How to Bring Someone Into a Discussion?

If this doesn’t happen to you at least three times a week, don’t read on: You get an invitation to a meeting, and you decide someone else you know should be in the loop, so you forward them the invitation. In some video conferencing platforms, you can even pull someone into the discussion in real-time. Or, you are five emails into a heated thread, and you decide to add someone to the distribution list, so you “Reply All,” announcing you are adding that particular person to the discussion. 

It happens to all of us, and we are all well-intentioned. We either want to add more people for the sake of transparency and information flow, or we genuinely believe they can contribute to the discussion. 

Now, consider that from the perspective of the receiver. When I get pulled into a meeting (even when the invitation is forwarded in advance) or when I am added to an email thread already in progress, I first wonder, “Why?” Why am I needed in this conversation? If I am required, why wasn’t I in the loop in the first place? And does the person who triggered this communication flow expect me to share my two cents, given that I just showed up practically uninvited? 

Bringing someone into a discussion can often be ineffective and frustrating. Of course, this doesn’t mean we should avoid that at all costs; sometimes, this addition is required to promote the issue at stake. The simple solution involves two questions and two pieces of information you should share.

Question 1: Am I adding the right person?

Whether email or a meeting, every workplace interaction must be designed to perform a concrete initiative and promote a predefined mission. The initiative is the desired outcome of this specific interaction. The mission is an overarching goal that the initiative can help us achieve. 

Given that the mission and initiative are known, the first question you must ask yourself is, “Can the person I am about to add to the discussion help us promote the initiative in the context of the mission?” Everyone who takes part in the discussion is assumed to be able to take an active part in promoting the initiative, and the potential newcomer is no exception. 

Of course, if you don’t know what the initiative and mission are, the problem is even more significant. This is a good enough reason to stop the discussion and ask the person who initiated it to define the concrete target and the overarching goal. 

Question 2: Does this person want to be in the loop?

That’s really basic. We are flooded with emails and meetings as it is. Not everything that seems important to us is perceived with the same priority by others. Asking the person we are about to add into the loop if they can join or want to join the discussion at this time is basic etiquette.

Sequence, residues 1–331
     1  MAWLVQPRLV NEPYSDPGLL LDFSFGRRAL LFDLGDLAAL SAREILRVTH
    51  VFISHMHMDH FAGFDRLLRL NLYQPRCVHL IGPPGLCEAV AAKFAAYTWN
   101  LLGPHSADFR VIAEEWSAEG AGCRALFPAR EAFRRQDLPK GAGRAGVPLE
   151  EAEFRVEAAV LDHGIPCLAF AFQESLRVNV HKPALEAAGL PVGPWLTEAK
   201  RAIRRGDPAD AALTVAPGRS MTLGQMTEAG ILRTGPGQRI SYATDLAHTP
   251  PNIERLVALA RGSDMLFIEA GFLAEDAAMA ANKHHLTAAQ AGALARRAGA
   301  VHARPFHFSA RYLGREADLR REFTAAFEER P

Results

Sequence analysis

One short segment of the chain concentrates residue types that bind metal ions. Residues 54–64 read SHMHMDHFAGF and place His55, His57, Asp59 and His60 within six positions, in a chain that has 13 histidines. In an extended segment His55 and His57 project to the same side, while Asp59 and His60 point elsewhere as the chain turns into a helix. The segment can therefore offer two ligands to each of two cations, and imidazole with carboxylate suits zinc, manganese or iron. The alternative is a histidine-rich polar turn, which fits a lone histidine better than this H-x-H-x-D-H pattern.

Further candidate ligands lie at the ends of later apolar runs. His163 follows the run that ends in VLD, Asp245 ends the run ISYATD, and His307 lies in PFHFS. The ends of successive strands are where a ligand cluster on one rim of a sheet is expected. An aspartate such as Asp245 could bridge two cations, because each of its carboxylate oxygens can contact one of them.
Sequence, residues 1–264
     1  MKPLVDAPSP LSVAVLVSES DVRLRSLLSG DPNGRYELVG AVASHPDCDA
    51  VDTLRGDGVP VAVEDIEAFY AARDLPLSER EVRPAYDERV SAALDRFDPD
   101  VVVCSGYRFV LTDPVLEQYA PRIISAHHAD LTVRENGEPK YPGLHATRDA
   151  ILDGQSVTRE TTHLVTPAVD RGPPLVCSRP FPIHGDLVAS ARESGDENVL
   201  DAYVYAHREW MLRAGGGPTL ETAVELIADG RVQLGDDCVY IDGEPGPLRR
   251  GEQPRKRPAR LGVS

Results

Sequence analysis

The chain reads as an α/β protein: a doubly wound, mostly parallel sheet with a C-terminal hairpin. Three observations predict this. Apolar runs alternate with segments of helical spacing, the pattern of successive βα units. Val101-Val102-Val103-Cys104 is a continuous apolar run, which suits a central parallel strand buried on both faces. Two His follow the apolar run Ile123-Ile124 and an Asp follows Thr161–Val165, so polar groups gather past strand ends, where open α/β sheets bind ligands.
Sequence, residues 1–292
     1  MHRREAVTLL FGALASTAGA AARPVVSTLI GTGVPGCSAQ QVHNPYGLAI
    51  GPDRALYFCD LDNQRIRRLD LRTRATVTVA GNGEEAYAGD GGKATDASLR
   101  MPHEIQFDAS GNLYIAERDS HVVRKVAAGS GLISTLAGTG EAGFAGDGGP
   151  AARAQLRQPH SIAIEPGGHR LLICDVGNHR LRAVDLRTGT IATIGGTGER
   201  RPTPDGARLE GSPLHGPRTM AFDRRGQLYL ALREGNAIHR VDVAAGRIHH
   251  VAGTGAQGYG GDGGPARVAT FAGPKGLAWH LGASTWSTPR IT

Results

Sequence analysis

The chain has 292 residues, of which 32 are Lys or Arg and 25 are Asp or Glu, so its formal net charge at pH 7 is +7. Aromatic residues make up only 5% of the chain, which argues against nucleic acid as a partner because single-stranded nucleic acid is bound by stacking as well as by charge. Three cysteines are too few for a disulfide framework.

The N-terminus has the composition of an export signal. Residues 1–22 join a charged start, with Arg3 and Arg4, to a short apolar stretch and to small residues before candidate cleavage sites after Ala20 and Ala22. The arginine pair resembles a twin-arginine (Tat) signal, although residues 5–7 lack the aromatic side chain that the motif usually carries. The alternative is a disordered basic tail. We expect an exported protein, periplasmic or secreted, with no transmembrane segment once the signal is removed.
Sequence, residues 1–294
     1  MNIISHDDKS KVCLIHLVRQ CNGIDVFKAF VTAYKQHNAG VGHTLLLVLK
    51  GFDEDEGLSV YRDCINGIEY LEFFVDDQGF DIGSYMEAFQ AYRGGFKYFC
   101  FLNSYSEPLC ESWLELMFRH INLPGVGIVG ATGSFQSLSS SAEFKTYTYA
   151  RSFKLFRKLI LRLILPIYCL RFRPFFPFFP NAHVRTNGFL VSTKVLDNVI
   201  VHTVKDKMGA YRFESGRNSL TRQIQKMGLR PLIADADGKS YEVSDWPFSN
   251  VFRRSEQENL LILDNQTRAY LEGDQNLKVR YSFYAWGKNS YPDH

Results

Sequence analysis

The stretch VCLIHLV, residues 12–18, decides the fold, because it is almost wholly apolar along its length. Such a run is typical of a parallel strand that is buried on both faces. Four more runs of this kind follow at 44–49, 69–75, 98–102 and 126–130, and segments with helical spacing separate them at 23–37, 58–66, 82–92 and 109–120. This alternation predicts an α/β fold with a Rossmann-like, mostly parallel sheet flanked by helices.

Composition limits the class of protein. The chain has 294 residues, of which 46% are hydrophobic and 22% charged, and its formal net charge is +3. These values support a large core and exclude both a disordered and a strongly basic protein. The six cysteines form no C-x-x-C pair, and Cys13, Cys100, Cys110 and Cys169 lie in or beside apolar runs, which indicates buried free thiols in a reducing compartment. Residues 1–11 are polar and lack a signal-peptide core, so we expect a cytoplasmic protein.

Needless to say, as you ask this question, the context is super important. When you explain it, mention the initiative and the mission. These are the primary and most important details your colleague has to know to consider the priority of this discussion compared to other activities they are involved in. 

Share 1: Context and Background. 

Let’s assume our colleague is relevant and expressed their willingness to participate actively in the discussion. Since they weren’t invited initially, we need to bring them up to speed on where the discussion is. Just forwarding an invitation or adding them to an email thread and expecting them to catch up is unrealistic (and not really fair). 

If you’ve already shared the mission and the initiative, that’s great, but other contexts and background materials are likely relevant to the discussion. Even if everything is written somewhere down the thread, finding what is essential and making sense of it could be challenging without the guidance of someone in the original discussion. 

Share 2: Introduction. 

Finally, it is time to introduce the newcomer to the forum who has already engaged in the discussion. It doesn’t matter if everyone knows each other personally. You must explain why you bring someone new into the discussion and what they are expected to contribute. 

Apart from aligning expectations, this can also help the people already engaged in the discussion to be more patient if something is unclear or allegedly trivial questions are asked. 

Sounds like too much? Isn’t it simpler to forward whatever we have to the person we believe should be in the loop? These two questions and two pieces of information sound like a formal protocol but think of it. Your workplace interactions must help the team move forward. At the same time, many of us have too many emails and meetings, and blindly forwarding stuff doesn’t really help. The only way to balance these two facts is to verify we are doing the right thing as we add more people into the loop. We must ensure whoever we add to the discussion has a good starting point that enables them to actively contribute to realizing the initiative.

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